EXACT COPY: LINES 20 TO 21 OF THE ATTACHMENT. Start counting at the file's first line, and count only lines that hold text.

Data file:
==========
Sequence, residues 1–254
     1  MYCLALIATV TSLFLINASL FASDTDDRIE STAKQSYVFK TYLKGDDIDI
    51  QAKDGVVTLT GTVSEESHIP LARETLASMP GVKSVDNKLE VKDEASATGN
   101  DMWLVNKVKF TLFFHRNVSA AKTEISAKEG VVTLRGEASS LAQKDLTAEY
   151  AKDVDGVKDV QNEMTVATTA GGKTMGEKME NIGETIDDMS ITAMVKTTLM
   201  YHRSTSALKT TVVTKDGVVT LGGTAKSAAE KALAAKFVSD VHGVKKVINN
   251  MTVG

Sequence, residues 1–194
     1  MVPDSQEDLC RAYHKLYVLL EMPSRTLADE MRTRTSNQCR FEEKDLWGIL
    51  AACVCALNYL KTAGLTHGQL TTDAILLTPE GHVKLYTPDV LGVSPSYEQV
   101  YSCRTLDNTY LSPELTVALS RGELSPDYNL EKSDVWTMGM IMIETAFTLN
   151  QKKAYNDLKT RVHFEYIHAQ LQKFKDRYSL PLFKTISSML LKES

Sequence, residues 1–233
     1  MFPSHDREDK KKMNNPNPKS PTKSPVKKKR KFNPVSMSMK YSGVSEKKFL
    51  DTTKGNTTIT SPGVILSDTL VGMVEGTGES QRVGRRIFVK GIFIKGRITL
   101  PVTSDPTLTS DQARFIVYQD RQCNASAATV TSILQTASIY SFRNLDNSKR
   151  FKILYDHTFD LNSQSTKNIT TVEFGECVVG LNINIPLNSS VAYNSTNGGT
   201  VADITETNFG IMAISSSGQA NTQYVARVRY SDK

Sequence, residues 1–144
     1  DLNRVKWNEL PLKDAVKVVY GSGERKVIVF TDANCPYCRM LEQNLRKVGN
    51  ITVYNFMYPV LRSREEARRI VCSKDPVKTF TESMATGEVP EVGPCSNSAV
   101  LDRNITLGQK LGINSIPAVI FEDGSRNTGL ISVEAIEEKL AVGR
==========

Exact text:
     1  DLNRVKWNEL PLKDAVKVVY GSGERKVIVF TDANCPYCRM LEQNLRKVGN
    51  ITVYNFMYPV LRSREEARRI VCSKDPVKTF TESMATGEVP EVGPCSNSAV